-Author name in bold denotes the presenting author
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1664 Improving Understanding of MDS Using an Animated Patient’s Guide to Benefit Patient Health Outcomes

Program: Oral and Poster Abstracts
Session: 906. Outcomes Research—Malignant Conditions (Myeloid Disease): Poster I
Hematology Disease Topics & Pathways:
Adult, Diseases, Bone Marrow Failure, Elderly, MDS, Study Population, Myeloid Malignancies, Clinically relevant, Quality Improvement
Saturday, December 5, 2020, 7:00 AM-3:30 PM

David A. Sallman, MD1,2, Tracey Iraca3*, Casey L. O'Connell, MD4, Rafael Bejar, MD, PhD5 and Sandra Kurtin, ANP6

1H. Lee Moffitt Cancer Center and Research Institute, Tampa, FL
2H. Lee Moffitt Cancer Center, Tampa, FL
3MDS Foundation, Inc., Yardville, NJ
4University of Southern California, Los Angeles, CA
5Moores Cancer Center, University of California, San Diego, La Jolla, CA
6The University of Arizona Cancer Center, Tucson, AZ


Patients with MDS continue to report gaps in knowledge, particularly where understanding of disease risk, prognosis and treatment options are concerned.1 A recent online social media survey on experiences in myelodysplastic syndromes revealed that patients/caregivers’ (n=127) have a general lack of information about MDS and insufficient knowledge regarding treatment options and are unable to make fully informed decisions.2 Efforts to improve patient and caregiver understanding of MDS, including treatment options, are critical to individualized treatment planning and shared decision-making. MDS patients commonly use multimedia and online resources to seek disease information.3 The MDSF introduced an online ‘animated,’ visual format educational program in July 2018 aimed at improving patient and caregiver knowledge.4 Evaluation of this project, including determining changes in patient knowledge and intent-to-implement a change in behavior are described as parameters of advancing and benefiting health outcomes.


An Animated Patient’s Guide to MDS (APG), a multimedia educational initiative was launched globally in July 2018. Recruitment was conducted via search engine marketing, social media promotions and email campaigns to MDS patients, caregivers and oncology provider audiences. Video views, duration of use, and learner responses to questions on the APG website were collected from July 2018 to July 2020 (24 months). Total APG views, most frequently viewed MDS animations and MDS expert videos were monitored on the website and on You Tube, to measure learner responses to outcome-based questions, and learner intent-to-implement changes.


A total of 151,231 views, including 58,947 unique visitors visited the APG online resource. Of these, 81% were from the U.S. and 19% from other countries (> 50 countries). Unique visitors from U.S. consisted of 28,171 patients, 15,279 family/caregivers, and 1,910 health providers. Among responses indicating a ‘commitment to change’, 96% reported they will ‘use new information learned to better self-manage their MDS’ (n = 917), 93% reported they ‘will discuss information learned with their doctor’ (n = 355), and 97% reported they ‘plan to discuss MDS treatment options with their doctor’ (n = 734). Patients who reported they ‘learned new information about MDS’ identified that they ‘learned new general information about MDS’ (95%, n = 193), ‘learned new information about the diagnosis of MDS’ (86%, n = 195), ‘learned about new treatment options for MDS’ (89%, n = 195), ‘learned about new information related to bone marrow transplant in MDS’ (85%, n = 177) and intended to ‘ask their doctor about how to take part in healthcare decisions’ (96%, n = 187).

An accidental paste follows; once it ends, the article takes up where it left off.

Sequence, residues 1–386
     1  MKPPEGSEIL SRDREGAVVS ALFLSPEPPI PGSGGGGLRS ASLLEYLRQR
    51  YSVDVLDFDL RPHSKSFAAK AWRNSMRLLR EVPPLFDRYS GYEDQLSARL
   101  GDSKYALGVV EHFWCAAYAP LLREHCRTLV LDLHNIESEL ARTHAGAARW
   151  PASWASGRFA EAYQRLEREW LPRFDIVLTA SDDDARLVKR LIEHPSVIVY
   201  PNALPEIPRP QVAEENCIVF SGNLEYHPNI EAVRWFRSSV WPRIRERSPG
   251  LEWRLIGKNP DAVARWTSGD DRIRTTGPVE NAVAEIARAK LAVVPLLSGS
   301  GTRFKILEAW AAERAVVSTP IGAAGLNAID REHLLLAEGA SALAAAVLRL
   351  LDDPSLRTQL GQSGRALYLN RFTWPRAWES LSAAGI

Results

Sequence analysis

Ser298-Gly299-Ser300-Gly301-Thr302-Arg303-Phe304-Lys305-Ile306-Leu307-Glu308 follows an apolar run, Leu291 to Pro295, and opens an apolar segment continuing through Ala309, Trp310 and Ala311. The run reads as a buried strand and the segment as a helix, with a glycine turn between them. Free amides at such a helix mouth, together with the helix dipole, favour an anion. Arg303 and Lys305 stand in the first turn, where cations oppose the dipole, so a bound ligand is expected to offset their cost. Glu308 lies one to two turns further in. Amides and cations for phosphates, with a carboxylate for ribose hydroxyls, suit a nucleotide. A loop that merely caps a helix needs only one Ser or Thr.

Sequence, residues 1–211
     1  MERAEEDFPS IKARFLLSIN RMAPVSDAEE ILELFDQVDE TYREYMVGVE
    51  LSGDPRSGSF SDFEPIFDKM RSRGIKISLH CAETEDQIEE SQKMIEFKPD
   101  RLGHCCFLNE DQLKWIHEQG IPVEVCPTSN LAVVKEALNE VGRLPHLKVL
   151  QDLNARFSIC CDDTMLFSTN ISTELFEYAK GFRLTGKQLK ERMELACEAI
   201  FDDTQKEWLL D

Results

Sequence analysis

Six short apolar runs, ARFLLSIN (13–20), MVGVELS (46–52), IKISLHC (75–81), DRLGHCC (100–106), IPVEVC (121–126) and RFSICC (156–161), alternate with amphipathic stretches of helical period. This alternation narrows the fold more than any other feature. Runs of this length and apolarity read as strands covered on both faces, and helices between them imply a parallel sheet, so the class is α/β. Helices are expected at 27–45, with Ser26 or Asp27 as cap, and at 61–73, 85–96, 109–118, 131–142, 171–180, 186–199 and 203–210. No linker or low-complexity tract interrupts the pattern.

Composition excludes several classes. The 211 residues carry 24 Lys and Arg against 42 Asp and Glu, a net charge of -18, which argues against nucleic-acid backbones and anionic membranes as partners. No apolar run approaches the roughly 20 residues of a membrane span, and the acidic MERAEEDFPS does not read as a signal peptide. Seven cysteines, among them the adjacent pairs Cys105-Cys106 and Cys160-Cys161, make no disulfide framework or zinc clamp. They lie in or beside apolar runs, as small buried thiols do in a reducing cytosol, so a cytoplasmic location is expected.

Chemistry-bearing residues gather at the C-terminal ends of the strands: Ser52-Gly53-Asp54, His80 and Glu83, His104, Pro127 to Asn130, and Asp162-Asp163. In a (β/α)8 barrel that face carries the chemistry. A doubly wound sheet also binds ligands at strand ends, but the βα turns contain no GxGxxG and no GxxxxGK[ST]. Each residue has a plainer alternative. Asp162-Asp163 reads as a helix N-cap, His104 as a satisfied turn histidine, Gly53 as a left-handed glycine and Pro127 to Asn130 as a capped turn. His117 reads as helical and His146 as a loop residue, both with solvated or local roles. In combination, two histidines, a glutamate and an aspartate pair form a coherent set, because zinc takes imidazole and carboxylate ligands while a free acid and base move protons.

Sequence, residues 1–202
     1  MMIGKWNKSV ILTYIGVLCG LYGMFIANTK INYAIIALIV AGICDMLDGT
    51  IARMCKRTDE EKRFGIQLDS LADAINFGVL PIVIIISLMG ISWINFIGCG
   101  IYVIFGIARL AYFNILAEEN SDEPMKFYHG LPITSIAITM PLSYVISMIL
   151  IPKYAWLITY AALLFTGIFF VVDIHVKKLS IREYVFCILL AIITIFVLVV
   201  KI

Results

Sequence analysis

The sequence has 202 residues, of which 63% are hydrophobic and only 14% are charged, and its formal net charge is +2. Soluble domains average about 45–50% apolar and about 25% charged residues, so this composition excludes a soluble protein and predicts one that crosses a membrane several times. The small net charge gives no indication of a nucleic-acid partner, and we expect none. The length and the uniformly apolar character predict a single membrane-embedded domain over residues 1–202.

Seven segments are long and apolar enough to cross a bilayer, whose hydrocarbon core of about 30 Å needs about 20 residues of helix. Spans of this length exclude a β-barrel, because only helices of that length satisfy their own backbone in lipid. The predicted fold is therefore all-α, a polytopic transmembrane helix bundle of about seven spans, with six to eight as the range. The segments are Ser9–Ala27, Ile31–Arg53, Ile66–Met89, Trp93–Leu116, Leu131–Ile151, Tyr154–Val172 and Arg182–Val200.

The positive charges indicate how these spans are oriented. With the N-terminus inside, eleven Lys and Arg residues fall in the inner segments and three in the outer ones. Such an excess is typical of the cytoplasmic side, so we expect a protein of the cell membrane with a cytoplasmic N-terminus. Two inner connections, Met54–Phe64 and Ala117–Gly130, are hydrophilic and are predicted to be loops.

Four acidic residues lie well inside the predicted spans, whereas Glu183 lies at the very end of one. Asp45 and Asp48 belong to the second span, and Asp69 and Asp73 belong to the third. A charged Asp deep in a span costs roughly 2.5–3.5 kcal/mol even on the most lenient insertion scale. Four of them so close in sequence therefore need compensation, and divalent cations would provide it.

Multimedia education, including visual ‘animated’ formats, tailored to the needs of MDS patients has the potential to provide effective learning, increase knowledge and improve engagement in shared decision-making. Ongoing monitoring and further analysis of this multimedia educational resource for MDS patients will be necessary to understand how tailored education provided via this format impacts and benefits patient health outcomes.


  1. Kurtin, S., Chang, E., & Bently, T. (2015). MDS patient characteristics associated with use of disease-modifying therapy: results of a patient survey. The International MDS Symposia, Washington, D.C.
  2. Booth, A., Bell, T., Halhol, S., Pan, S., Welch, V., Merinopoulou, E., Lambrelli, D., Cox, A. Using Social Media to Uncover Treatment Experiences and Decisions in Patients with Acute Myeloid Leukemia or Myelodysplastic Syndrome Who Are Ineligible for Intensive Chemotherapy. J Med Internet Res 2019 Nov; 21(11) e-14285
  3. Kurtin, S., Harrison, L., Iraca, T., Hassan, A., Nichols, A. Health Technology Engagement and Communicative Health Literacy in Older Adults MDS Patients. Myelodysplastic Syndromes, 15th International Symposia on Myelodysplastic Syndromes. Copenhagen. May 8-1, 2019. Poster presentation.
  4. MDS Foundation, Inc. and Mechanisms in Medicine Inc. (2019-06-26). You And MDS: An Animated Patient’s Guide to Myelodysplastic Syndromes. www.YouAndMDS.com

Disclosures: Sallman: Agios, Bristol Myers Squibb, Celyad Oncology, Incyte, Intellia Therapeutics, Kite Pharma, Novartis, Syndax: Consultancy; Celgene, Jazz Pharma: Research Funding. Iraca: MDS Foundation: Membership on an entity's Board of Directors or advisory committees. Bejar: Celgene/BMS: Honoraria, Research Funding; Forty-Seven/Gilead: Honoraria; Genoptix/NeoGenomics: Honoraria; AbbVie/Genentech: Honoraria; Daiichi-Sankyo: Honoraria; Aptose Biosciences: Current Employment; Takeda: Honoraria, Research Funding; Astex/Otsuka: Honoraria. Kurtin: MDS Foundation: Membership on an entity's Board of Directors or advisory committees.

*signifies non-member of ASH